Home Moorestown News Bond decision put on hold

Bond decision put on hold

By AUBRIE GEORGE | The Moorestown Sun

Council will take a break from considering a $1.4 bond ordinance to purchase land at Main Street and Marter Avenue after officials voted to withdraw it from the agenda at last week’s meeting.

Township Solicitor Thomas J. Coleman III advised Council to remove the ordinance, which has been up for final adoption for the past two Council meetings, while the Council explores alternative sites and continues to discuss options in fulfilling the third-round COAH obligations.

“I would ask that until you look at the various options, that you not move forward on this particular bond ordinance,” Coleman said.

Mayor Dan Roccato said officials were not yet ready to make a decision until they sift through new information and get the facts about all of their options.

“We’re not ready just yet,” Roccato said. “We have a variety of options on the table.”

Officials said Council would continue to discuss the township’s COAH obligations and plan in closed session later that evening.

In the meantime, Roccato urged residents to visit the township’s Web site, where a fact sheet about COAH and Moorestown’s obligations has been posted.

“Our goal is to make sure that we get all of the facts out,” Roccato said. “We have one agenda and that is doing the right thing for Moorestown.”

The township first considered the bond ordinance at its Aug. 31 meeting, where officials said it would put the funds in place to potentially use the nearly three-acre parcel to build approximately 50 units toward its obligation to build 412 affordable housing units by 2018.

The township already owns the Maybury tract and the Nagle tract, both of which were purchased in the late 1980s. The township originally hoped to build about 180 units on both tracts.

However, engineering studies initiated by residents in the Wexford neighborhood indicate that the Maybury tract may not be as developable as the township thought due to environmental constraints.

In addition, the township recently lost 18 units of its proposed plan when COAH only approved 78 of 96 requested credits that it had reviewed on Beech Street.

To help fulfill the obligations, Council had planned to use 96 existing units owned by MEND (Moorestown Ecumenical Neighborhood Development) as credits toward their requirements. However, COAH officials only deemed 78 of those units as eligible — leaving the plan 18 units short.

Council was looking at purchasing land at Main Street and Marter Avenue to potentially build on if they needed to.

The township did not have an agreement to purchase the land, but had been in talks with a developer who has plans to purchase the property from the owner.

Some residents protested using the site, which is currently owned by the DeMarco family, for residential use because it is currently zoned as commercial and tax ratable properties could be built on the land instead.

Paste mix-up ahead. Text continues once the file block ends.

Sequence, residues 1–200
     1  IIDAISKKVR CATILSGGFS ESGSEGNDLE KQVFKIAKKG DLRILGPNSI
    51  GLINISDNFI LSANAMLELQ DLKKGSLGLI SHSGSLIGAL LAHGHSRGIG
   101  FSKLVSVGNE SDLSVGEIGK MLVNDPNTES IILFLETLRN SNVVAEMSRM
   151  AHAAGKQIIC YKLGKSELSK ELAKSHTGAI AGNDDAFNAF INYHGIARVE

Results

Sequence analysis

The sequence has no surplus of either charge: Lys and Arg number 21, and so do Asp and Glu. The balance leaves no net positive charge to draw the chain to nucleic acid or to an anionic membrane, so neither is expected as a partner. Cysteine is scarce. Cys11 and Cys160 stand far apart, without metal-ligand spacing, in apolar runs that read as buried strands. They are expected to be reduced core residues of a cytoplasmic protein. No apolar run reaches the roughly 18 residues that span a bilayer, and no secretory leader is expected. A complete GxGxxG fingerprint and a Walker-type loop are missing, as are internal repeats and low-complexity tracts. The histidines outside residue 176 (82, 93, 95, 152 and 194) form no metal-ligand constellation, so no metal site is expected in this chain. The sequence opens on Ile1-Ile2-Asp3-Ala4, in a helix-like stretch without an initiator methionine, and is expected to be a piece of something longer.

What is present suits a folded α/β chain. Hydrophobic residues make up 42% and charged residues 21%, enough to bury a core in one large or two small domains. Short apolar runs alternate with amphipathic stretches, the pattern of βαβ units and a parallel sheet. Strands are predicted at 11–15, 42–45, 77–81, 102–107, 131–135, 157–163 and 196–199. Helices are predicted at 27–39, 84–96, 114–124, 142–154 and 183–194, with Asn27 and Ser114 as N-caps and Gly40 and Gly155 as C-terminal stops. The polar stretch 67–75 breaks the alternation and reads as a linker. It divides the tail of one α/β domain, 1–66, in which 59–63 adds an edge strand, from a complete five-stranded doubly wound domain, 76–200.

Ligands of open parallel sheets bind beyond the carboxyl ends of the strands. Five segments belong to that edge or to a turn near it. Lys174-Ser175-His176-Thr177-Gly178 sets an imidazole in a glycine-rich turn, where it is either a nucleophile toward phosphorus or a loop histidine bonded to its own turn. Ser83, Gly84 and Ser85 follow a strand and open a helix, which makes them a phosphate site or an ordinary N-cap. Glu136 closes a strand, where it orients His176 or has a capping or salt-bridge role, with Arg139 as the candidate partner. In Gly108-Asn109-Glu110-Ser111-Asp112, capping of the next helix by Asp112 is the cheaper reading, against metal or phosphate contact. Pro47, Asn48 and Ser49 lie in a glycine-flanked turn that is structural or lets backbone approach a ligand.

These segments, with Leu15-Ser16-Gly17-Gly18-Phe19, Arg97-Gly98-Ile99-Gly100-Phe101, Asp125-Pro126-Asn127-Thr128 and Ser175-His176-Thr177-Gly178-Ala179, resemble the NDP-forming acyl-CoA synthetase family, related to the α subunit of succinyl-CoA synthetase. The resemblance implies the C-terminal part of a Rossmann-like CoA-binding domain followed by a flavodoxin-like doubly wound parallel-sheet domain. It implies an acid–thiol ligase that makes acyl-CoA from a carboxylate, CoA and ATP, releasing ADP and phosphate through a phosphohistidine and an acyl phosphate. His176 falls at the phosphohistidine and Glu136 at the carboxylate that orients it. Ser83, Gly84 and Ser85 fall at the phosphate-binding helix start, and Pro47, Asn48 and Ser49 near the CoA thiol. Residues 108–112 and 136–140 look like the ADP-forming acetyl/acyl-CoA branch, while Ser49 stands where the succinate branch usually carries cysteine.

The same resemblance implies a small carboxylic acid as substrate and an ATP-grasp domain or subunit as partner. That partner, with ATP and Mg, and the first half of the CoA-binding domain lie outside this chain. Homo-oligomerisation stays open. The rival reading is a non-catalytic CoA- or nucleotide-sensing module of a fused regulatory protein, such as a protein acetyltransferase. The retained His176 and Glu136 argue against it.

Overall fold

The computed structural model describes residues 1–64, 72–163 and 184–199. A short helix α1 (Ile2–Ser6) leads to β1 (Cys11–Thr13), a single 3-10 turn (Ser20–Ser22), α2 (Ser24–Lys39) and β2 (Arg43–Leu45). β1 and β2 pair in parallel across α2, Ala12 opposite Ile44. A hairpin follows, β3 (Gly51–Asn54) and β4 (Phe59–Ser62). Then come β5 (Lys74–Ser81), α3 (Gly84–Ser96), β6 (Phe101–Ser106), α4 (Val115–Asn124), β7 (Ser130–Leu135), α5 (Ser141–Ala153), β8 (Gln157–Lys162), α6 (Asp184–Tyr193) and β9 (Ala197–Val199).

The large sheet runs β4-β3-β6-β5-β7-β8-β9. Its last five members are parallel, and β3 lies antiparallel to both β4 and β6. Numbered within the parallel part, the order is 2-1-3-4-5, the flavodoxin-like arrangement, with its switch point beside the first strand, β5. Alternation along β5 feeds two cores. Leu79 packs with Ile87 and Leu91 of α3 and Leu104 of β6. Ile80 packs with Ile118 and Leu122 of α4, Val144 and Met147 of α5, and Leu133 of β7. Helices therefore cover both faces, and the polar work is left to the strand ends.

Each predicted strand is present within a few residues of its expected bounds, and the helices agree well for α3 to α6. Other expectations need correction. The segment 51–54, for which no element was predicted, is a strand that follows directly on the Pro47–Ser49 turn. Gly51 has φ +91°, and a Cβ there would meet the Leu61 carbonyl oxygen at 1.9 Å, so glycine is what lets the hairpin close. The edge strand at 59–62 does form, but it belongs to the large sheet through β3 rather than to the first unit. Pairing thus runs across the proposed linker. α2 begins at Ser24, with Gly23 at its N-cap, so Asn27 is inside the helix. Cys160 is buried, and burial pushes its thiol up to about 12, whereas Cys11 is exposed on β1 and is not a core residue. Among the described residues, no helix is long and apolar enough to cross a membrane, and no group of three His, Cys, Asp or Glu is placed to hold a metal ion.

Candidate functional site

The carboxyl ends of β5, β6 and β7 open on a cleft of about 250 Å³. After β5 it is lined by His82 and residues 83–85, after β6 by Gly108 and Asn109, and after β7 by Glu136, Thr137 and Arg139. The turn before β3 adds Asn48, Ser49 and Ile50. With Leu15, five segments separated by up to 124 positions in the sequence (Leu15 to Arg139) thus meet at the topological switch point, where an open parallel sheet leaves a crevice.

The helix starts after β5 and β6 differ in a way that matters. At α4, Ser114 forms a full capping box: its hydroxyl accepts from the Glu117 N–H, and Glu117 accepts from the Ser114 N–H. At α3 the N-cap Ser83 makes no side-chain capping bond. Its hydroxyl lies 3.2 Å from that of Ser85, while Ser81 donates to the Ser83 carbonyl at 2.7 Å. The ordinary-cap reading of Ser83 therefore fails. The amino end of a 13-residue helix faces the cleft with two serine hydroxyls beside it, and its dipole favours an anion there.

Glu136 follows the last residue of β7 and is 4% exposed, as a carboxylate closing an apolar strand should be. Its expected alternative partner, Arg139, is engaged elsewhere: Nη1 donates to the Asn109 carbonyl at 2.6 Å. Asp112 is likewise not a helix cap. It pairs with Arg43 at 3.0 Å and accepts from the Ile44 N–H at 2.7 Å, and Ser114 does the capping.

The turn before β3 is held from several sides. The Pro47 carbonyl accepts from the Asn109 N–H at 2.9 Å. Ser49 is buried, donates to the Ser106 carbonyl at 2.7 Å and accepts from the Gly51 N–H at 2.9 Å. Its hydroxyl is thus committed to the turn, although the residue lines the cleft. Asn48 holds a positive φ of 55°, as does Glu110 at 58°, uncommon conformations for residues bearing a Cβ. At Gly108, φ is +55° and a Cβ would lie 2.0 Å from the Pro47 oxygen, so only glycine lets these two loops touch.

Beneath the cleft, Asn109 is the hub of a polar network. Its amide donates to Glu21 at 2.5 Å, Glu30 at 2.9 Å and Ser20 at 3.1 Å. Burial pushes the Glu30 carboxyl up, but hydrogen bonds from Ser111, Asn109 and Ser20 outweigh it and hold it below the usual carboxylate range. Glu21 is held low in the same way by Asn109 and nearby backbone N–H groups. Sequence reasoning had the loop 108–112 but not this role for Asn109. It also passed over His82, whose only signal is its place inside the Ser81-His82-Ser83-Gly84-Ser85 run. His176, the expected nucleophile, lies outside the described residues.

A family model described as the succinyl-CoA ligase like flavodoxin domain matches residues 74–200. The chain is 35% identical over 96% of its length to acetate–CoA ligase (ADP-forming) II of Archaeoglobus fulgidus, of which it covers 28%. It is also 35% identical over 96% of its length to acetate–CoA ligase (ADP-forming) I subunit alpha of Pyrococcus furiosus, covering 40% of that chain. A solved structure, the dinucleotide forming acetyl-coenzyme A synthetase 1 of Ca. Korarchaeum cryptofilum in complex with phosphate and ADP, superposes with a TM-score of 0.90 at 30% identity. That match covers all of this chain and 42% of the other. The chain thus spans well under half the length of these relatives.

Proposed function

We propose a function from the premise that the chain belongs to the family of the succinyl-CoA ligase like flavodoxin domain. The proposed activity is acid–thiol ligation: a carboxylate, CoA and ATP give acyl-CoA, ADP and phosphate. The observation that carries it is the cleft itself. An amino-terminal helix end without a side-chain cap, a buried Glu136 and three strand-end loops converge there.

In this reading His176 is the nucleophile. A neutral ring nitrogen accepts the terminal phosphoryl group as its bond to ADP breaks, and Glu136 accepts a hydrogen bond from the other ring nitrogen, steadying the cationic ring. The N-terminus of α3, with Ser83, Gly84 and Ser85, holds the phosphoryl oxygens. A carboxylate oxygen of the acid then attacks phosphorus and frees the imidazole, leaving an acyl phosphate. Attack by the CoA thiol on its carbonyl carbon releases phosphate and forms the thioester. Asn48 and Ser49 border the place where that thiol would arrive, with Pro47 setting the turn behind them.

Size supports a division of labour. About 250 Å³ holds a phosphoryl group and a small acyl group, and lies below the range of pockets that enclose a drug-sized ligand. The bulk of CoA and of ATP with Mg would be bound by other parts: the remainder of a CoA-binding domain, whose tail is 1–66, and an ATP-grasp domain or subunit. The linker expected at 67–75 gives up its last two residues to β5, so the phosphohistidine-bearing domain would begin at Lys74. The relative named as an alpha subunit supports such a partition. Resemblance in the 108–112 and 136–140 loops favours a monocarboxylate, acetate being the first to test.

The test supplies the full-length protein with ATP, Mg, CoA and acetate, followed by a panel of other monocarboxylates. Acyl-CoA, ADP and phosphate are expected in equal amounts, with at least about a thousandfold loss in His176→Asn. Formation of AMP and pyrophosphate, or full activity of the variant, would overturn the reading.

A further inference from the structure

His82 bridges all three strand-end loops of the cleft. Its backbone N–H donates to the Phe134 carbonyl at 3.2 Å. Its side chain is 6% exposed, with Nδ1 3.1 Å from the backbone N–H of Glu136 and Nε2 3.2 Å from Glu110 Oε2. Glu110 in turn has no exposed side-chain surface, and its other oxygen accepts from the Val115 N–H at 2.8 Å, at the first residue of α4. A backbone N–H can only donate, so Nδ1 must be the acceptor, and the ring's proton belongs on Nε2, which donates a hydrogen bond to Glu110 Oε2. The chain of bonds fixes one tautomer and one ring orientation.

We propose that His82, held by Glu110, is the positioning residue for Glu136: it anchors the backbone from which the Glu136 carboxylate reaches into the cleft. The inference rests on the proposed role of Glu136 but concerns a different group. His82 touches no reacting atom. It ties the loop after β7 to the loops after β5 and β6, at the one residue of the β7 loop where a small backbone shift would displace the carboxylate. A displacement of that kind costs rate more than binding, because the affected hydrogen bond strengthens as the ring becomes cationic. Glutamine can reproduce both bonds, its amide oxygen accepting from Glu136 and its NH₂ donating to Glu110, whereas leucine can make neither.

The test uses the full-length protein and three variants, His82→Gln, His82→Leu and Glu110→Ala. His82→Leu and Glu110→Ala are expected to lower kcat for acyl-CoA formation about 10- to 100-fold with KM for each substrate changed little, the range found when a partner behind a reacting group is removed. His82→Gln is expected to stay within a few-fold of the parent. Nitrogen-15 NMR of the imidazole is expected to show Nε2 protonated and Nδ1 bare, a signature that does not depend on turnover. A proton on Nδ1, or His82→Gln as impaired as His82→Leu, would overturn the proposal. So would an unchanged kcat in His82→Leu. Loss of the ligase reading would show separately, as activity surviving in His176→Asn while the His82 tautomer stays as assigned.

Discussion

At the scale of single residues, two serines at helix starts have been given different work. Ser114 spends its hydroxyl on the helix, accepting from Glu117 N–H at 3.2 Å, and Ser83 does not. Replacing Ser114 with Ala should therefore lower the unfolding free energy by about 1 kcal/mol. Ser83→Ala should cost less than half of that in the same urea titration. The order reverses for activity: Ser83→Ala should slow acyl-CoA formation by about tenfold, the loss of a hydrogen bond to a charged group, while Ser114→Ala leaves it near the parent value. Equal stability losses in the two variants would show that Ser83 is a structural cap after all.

Council members said they have reviewed at least a dozen other sites this year to build additional units on.

The township does not yet have an approved COAH plan but officials said they continue to explore options to meet the 412 until obligation before the Dec. 15 deadline to amend and submit Moorestown’s plan.

While discussion last week was halted, Roccato told residents that Council would “absolutely be discussing affordable housing” before the township’s Dec. 15 deadline to submit an amended plan.

Before the meeting ended, Roccato reiterated residents that Council would comply with their COAH plan, and also that members are very sensitive and plugged in to any impact the plan will have on existing neighbors, that they are interested in seeking locations that are in proximity to services and also that they are focused on the plan’s impact to taxpayers.

In other news:

n Council is examining its options in delivering health care to township employees with the help of AJM Healthcare Consulting Services.

Council members explained that they have recruited AJM’s help to sift through their options and examine the different methods of delivering health care and benefits.

Currently, the township is part of a trust with other municipalities, but other options could include using insurance brokers, jumping onto the state health-care plan or employing a self-funded health-care system.

AJM associates are currently gathering information, and depending on how that phase goes, could issue a report to Council in as early as 30 days.

Roccato said that Council’s goal was to reduce the costs of health care while not impacting the quality of township employees’ benefits and health care.

“Our employees have a very good health plan, but the reality is that comes at a very high price,” he said. “This is a journey, this is not a destination and we will be on this road for a long time.”

Council is scheduled to meet again on Monday, Nov. 9 at 7:30 p.m. in the auditorium of the William Allen Middle School.

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